General Sir Charles Warren, (1840–1927)


General Sir Charles Warren , a Royal Engineer officer, had a varied military career, most noteworthy for his archeological achievements and his command of British troops at the disastrous Battle of Spion Kop (23–24 January 1900) du ring the Second Boer War.

Warren was born in North Wales in 1840. His father was an Indi an Army officer who later became a general, and the younger Warren was seemingly destined for a military career. Warren was educated at Cheltenham and commissioned into the Royal Engineers in 1857.He conducted surveys of Gibraltar from 1858 to 1865, when he became an instructor at the School of Military Engineering at Chatham. Between 1867 and 1870 he carried out explorations in Palestine of the topography of ancient Jerusalem and the archaeology of the Temple Mount/Har am al – Sherif area.

In 1876, Warren surveyed the border between the Orange Free State and Griqualand West, and was in South Africa when the Ninth Cape Frontier War broke out in 1877, in which he commanded the Diamond Field Horse. He returned to engineer instructor duty in England in 1878 but was selected for a special mission in 1882. His task was to find a Professor Palmer and his party who had disappeared while trying to rally the support of Sinai Bedouins in the British war against Egypt. Warren was able to ascertain that Palmer had been killed and brought the culprits to justice, receiving a knighthood for his performance.

Warren returned to Chatham in 1882 and in 1884 commanded the British expedition in Bechuanaland, which was established as a Crown Colony. He commanded the British garrison at Suakin, on the Red Sea, for a short time before becoming commissioner of the Metropolitan Police in London. His tenure was controversial, including the use of heavy- handed measures to suppress socialist meetings. The failure of the police to solve the Jack the Ripper murders in 1888 forced both the home secretary and Warren to resign their positions.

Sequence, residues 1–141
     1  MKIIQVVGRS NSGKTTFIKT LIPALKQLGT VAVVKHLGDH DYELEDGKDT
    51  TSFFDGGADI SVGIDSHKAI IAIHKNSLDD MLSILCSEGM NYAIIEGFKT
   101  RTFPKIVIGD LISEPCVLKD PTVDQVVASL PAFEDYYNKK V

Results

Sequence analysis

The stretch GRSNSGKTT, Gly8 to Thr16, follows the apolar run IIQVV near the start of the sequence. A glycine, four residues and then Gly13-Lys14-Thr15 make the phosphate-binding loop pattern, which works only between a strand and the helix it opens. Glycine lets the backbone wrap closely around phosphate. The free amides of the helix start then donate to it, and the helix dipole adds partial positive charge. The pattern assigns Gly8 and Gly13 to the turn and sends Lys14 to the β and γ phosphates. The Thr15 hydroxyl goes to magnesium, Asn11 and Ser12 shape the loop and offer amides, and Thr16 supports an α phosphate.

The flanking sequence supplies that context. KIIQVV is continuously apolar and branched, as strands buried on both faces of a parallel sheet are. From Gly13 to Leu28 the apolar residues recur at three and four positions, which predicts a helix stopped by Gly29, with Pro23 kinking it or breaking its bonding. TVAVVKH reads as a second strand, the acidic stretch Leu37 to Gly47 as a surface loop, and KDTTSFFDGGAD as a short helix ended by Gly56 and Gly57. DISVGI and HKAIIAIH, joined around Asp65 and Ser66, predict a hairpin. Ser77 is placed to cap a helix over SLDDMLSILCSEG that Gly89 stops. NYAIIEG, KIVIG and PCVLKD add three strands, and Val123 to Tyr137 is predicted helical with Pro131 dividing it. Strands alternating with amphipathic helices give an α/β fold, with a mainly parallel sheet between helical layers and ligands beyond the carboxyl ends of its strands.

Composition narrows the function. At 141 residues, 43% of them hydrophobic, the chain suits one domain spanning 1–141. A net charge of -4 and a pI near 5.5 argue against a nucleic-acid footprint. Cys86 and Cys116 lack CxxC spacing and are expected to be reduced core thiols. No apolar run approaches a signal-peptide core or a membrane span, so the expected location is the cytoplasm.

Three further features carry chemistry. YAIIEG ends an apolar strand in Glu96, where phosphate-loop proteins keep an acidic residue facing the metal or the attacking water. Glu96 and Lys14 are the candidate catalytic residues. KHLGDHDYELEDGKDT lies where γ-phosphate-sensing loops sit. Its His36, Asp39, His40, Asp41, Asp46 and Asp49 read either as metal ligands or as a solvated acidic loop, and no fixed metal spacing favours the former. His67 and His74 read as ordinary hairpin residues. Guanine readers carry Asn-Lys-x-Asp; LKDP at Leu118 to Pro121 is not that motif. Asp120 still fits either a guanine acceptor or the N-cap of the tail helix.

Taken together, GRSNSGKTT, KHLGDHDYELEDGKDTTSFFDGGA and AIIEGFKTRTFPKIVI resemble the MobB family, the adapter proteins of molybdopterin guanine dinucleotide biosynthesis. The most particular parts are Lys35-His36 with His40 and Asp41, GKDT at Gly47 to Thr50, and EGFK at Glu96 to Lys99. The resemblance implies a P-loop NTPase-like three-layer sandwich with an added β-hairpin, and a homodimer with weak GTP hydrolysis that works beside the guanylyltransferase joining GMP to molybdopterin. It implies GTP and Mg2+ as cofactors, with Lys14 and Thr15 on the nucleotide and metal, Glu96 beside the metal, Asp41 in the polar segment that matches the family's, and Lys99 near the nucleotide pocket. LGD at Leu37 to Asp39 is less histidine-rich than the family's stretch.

In 1889, Warren became commander of troops at Singapore, was promoted to major general in 1893, and returned to England in 1895 to become general officer commanding Thames and Medway District. He was promoted to lieutenant general in 1897. After the outbreak of the Second Boer War in October 1899, Warren was appointed to command the 5th Division in South Africa, under General Sir Redvers H. Buller, V. C., who was attempting to relieve Ladysmith.

Warren’s selection was somewhat surprising, because of his age (fifty-nine), tactlessness, disagreeable temper, lack of recent troop experience, and previous disagreements with Buller. The relationship was made worse when Buller was informed that Warren held the “dormant commission,” instructions to succeed Buller if he was killed or incapacitated.

Warren was put in charge of the January 1900 operation to relieve Ladysmith by outflanking the Boers to the west of Spion Kop. The ponderous advance began on 16 January, and initial efforts to seize Spion Kop were ineffectual. A night assault, 23–24 January, was successful, and by dawn on 24 January the British had taken the hill — and then realized their defensive trench was in the center of a large plateau sloping toward the enemy in the north. Boer artillery, virtually unopposed, pounded the British infantry, and Boer marksmen enfiladed the British trench. Command and control was a problem, both on Spion Kop and between British forces there and Warren, who had to rely on messengers. When Warren became aware of the critical nature of the battle, he failed to order a diversionary attack. Despite British reinforcements straggling in, the ebb and flow of battle and fierce hand – to – hand fighting continued for much of the day. When night fell, the British thought they were in an untenable position and withdrew from Spion Kop; the Boers, discouraged by their apparent failure to dislodge the British, were about to give up but reoccupied the summit and claimed victory. The British claimed their losses as 322 killed, 583 wounded, and 300 prisoners of war, but this may have been an underestimate. Buller placed the blame for the debacle on Warren, who was reassigned to Griqualand West and returned to England in August 1900.

Warren was promoted to general in 1904, retired the same year, and died in 1927.

References: Pakenham (1979); Ransford (1969); Spiers (1992); Symons (1963)


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